Some states are seeking to “relax” child labor laws in response to the growing labor shortage challenging businesses across the country. According to The Washington Post, businesses are looking towards youth to fill their hiring needs as their labor would be cheaper than adults who, some say, would demand better pay and benefits.
The Washington Post reports, “legislators in Iowa and Minnesota introduced bills in January to loosen child labor law regulations around age and workplace safety protections in some of the country’s most dangerous workplaces. Minnesota’s bill would permit 16- and 17-year-olds to work construction jobs. The Iowa measure would allow 14- and 15-year-olds to work certain jobs in meatpacking plants.”
The Iowa bill would also increase the amount of hours a teenager can work during the school year, and would “shield businesses from civil liability if a youth worker is sickened, injured or killed on the job.”
Critics have called on legislators to remember the reason why child labor laws were created in the first place, citing conditions of the early 20th century. Leading the arguments against such legislation is the hazardous conditions that young children would be subjected to in taking such jobs.
Proponents of the bill, however, argue that there is a desperate need for labor, and with adults appearing to be unwilling to fill that need, businesses must turn to youth who would be more willing to take the open positions. Others say that during tough economic times, families may depend on a child earning money to help stay afloat.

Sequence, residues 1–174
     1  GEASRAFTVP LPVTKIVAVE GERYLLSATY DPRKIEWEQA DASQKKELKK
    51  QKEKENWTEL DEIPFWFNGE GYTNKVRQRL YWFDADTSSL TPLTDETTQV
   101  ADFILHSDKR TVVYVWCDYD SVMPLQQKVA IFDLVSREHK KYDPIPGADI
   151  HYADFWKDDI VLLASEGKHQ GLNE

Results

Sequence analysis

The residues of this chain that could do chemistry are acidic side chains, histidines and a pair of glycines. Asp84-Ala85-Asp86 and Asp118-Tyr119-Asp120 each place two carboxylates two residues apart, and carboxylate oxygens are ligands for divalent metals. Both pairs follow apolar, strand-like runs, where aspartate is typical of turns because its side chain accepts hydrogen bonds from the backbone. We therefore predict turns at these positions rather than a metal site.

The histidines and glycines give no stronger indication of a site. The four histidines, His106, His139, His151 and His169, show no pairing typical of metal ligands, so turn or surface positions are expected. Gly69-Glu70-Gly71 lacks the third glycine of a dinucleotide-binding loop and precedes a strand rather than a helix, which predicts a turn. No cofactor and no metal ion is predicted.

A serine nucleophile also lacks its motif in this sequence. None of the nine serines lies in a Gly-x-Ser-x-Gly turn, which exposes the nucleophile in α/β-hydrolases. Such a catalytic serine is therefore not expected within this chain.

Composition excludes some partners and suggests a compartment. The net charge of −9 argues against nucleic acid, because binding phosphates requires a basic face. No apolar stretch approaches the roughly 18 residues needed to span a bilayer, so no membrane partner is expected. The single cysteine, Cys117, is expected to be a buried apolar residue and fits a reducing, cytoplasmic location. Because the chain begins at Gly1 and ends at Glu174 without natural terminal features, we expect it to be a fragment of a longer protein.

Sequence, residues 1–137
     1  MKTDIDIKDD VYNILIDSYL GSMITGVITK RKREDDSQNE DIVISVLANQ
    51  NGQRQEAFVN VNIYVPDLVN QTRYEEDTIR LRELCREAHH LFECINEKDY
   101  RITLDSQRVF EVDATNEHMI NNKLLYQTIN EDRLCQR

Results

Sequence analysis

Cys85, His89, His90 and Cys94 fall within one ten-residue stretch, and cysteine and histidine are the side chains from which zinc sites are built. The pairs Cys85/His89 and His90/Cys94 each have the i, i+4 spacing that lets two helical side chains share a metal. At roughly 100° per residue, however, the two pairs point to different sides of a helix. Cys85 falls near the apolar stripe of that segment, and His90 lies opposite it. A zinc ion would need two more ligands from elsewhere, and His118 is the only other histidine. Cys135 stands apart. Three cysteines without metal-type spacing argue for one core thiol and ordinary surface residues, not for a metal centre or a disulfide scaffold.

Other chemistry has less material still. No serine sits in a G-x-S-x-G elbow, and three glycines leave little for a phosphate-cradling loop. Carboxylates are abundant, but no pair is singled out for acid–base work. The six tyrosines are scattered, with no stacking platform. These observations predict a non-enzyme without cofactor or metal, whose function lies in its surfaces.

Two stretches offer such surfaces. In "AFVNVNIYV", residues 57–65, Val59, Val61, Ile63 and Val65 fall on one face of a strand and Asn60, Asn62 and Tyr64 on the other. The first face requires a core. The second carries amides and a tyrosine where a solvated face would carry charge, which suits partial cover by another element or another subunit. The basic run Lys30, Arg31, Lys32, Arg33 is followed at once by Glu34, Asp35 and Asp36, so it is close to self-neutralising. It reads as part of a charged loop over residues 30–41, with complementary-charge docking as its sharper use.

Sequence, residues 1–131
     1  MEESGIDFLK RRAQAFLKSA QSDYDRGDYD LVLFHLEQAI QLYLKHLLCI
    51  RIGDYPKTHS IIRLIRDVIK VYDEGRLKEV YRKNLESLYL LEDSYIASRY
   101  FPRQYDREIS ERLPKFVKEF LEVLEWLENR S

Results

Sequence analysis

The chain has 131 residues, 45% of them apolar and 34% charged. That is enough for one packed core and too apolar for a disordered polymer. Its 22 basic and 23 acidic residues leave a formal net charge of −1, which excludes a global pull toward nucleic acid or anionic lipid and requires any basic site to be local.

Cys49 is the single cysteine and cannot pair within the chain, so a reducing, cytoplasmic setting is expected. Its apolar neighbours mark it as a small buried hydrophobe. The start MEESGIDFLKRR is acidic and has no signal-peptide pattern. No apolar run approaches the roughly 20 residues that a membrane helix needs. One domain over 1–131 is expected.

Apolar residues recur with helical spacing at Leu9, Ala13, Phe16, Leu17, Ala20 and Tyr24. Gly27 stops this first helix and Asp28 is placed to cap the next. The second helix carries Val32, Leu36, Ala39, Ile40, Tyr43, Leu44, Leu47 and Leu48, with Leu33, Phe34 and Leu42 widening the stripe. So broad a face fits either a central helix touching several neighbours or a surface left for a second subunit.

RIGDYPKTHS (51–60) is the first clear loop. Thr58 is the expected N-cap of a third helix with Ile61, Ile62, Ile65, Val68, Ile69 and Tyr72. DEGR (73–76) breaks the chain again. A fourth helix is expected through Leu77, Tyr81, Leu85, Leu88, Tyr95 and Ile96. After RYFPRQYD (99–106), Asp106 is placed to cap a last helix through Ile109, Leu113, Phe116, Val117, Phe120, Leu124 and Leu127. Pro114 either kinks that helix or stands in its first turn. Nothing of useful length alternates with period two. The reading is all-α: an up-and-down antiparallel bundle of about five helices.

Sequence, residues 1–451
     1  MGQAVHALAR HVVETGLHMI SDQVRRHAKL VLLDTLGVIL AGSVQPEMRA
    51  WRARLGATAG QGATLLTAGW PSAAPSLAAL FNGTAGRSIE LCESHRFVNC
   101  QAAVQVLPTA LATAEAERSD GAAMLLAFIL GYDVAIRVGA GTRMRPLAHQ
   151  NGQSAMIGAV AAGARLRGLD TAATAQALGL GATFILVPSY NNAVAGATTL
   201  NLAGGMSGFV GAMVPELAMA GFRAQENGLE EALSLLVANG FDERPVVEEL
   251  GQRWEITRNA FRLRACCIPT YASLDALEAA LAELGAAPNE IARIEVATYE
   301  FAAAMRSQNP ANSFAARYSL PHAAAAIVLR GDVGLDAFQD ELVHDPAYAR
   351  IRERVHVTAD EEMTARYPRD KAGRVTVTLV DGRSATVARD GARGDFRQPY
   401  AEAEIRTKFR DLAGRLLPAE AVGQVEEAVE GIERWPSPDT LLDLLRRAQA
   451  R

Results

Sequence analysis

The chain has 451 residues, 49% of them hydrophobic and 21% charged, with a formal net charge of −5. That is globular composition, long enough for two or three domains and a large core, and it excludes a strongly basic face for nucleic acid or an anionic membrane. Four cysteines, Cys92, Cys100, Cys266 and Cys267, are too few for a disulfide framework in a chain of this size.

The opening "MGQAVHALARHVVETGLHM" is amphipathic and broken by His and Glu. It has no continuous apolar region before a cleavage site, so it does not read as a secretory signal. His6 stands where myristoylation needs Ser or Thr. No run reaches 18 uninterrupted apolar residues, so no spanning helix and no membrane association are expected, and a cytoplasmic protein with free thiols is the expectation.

Federal regulators have recently caught child labor violations, reports The Washington Post. In August, the Department of Labor sued a Hyundai supplier in Alabama after Reuters reported that they were using workers as young as 12 years old. In Nebraska, a meat producing plant settled with the Department of Labor in December after it was reported that an “underage worker allegedly sustained chemical burns from cleaning agents used at the facility.”
Many have cited the importance of focusing on school, but some are still proponents of increasing hours, even during the school year. As states consider relaxing child labor laws, history suggests that a passionate debate will likely ensue regarding the treatment of America’s youth and what lawmakers believe would be best for them.